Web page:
Interested in public health, she is thinking about completing a residency training in social and preventive medicine.
Elisabeth began her medical training at Laval University in the fall of 2019. Before that, she was a dentist and worked for nearly two years in various Inuit and Cree communities. Through this close contact with the communities, she was able to discover the culture and the richness of the territory, as well as to better understand its challenges. Passionate about travelling and learning about other cultures, she also had the opportunity to do a dentistry internship in Tanzania in the summer of 2016.
Through her northern experience and contact with communities, Elisabeth developed her desire to orient her career towards a public health perspective and to expand her knowledge with a return to medicine.
Since the summer of 2021, she has been working with the Littoral team, in close collaboration with public health officials, on a project to identify potential sources of lead in Nunavik.
Sara completed a bachelor’s degree in Biology at Laval University in 2018 and is now a M.Sc. student in Biology, under the supervision of Jean-Sébastien Moore and Mélanie Lemire.
Sara’s project is multidisciplinary and involves marine biology, molecular biology, nutrition and anthropology. The objectives of her project are to better understand the contribution of the diet of Arctic char to the quality of its flesh, and to understand the cultural and dietary importance of this species among the Inuit of Nunavik.
Guillaume completed his bachelor’s degree in Biology at Université de Montreal in 2018 and is now doing a master’s degree in Marine Biology at Laval University.
He is analyzing tissue samples from beluga whales, ringed seals and walruses to examine which nutritional elements and contaminants are found in these tissues that could affect the health of Inuit who rely on them as a food source.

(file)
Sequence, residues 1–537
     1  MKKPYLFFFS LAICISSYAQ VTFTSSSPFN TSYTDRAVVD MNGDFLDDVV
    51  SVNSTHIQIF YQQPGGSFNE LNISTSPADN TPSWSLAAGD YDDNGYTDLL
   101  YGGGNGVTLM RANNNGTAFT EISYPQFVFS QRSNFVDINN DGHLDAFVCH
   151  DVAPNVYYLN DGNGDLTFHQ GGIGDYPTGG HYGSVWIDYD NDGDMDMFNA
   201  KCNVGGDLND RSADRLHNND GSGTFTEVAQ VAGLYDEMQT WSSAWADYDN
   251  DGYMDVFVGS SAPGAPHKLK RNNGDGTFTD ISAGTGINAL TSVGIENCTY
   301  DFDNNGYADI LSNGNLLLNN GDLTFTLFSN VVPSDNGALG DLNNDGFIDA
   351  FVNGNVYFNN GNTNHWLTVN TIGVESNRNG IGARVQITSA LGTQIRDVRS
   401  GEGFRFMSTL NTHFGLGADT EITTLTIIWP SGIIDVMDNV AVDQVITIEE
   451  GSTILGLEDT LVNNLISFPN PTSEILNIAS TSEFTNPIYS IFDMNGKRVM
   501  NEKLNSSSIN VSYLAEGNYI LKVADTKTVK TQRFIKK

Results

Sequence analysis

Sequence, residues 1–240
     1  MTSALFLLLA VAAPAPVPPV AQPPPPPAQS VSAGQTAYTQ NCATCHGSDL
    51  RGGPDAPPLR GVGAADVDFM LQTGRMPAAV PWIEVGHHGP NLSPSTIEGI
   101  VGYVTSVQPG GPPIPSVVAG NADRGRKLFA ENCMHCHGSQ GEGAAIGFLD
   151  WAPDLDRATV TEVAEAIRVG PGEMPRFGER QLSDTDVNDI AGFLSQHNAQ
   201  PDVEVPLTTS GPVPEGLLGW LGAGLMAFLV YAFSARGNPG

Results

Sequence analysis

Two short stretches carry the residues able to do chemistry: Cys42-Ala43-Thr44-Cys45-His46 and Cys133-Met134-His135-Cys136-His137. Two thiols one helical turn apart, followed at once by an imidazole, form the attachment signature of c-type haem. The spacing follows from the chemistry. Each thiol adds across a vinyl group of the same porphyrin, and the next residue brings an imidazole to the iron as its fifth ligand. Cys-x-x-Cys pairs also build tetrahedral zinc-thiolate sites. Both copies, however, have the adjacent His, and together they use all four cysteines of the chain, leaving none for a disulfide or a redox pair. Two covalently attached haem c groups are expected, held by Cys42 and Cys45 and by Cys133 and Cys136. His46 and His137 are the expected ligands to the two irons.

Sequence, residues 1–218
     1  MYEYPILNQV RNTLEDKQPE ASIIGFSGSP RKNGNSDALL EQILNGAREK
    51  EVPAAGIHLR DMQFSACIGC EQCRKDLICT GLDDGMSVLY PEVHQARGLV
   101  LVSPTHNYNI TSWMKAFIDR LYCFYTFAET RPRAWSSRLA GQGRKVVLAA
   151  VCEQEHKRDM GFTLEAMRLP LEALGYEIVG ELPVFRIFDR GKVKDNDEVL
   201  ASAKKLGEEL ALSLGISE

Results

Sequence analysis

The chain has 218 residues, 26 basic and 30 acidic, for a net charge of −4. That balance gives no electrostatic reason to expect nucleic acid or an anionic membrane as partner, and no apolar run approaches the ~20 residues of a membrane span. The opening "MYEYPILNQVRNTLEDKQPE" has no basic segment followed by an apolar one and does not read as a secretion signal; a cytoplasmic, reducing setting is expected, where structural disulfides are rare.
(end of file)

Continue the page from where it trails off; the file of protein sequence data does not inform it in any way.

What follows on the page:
This project has enabled him to visit the community of Quaqtaq in Nunavik, and to work with Inuit hunters during the beluga whale hunting season.
M.Sc. student in public health
Junior is a M.Sc. student in public health. He hods a bachelor’s degree in kinesiology from the University of Quebec at Trois-Rivières.
He is interested in research on the effects of various lifestyles (e.g., nutrition, sleep. physical activity, and stress) on human health, mainly with respect to cardiometabolic diseases.
He will be part of Mélanie Lemire’s and Pierre Ayotte’s team starting in the winter of 2021 to work on the cardiometabolic component of the Nunavik Inuit Health Survey Qanuilirpitaa? 2017.
m.sc. student in epidemiology
Marie-Hélène holds a bachelor’s and master’s degree in marine biology from the Université du Québec à Rimouski.
She first became interested in oceanography in polar regions and the effect of environmental conditions on the physiology of marine invertebrates. While working in northern research and with organizations such as APECS Canada, she became more and more interested in the interactions between our ecosystems and population health, particularly in the context of Indigenous communities.
She is currently doing a master’s in epidemiology (since fall 2021) with Tiff-Annie Kenny and Mélanie Lemire in an interdisciplinary project on food security in the context of global change in Nunavik communities. She is joining the project Nunavimmiut’s Sustainable and Resilient Rural Food Systems for Future Generations: Promoting Food Security while Adapting to Changing Northern Environments, funded by Sentinel North.
Magalie started her M.D. at University Laval in the fall of 2020.
Her research interests focus on the impact of the environment and climate change on health. Various societal issues such as the challenges faced by the most vulnerable populations, social injustices, the preservation of natural environments, healthy lifestyles, food waste and public responsibility in environmental matters are themes that she wishes to promote and share in her community. Everything is a balance. Magalie is an avid follower of healthy lifestyles, the outdoors and travel, and is determined to pursue her future career as a doctor working with the most vulnerable groups in Quebec and elsewhere in the world.
She joined the Chair in the fall of 2021 to participate in the working group on climate change and health, to integrate this content into the medical curriculum and to mobilize health professionals around climate action.
The team of Littoral Research Chair wants to strengthen the links with the nations around us. Dear First Nations, Inuit, and Métis students, if you are interested in participating in our current projects or if you have ideas for projects at the health/environment interface, do not hesitate to contact us. It would be a pleasure to discuss them with you and we will see where the wind will take us!
residency in psychiatry
m.sc. in public health
m.sc. in epidemiology
m.sc. in public health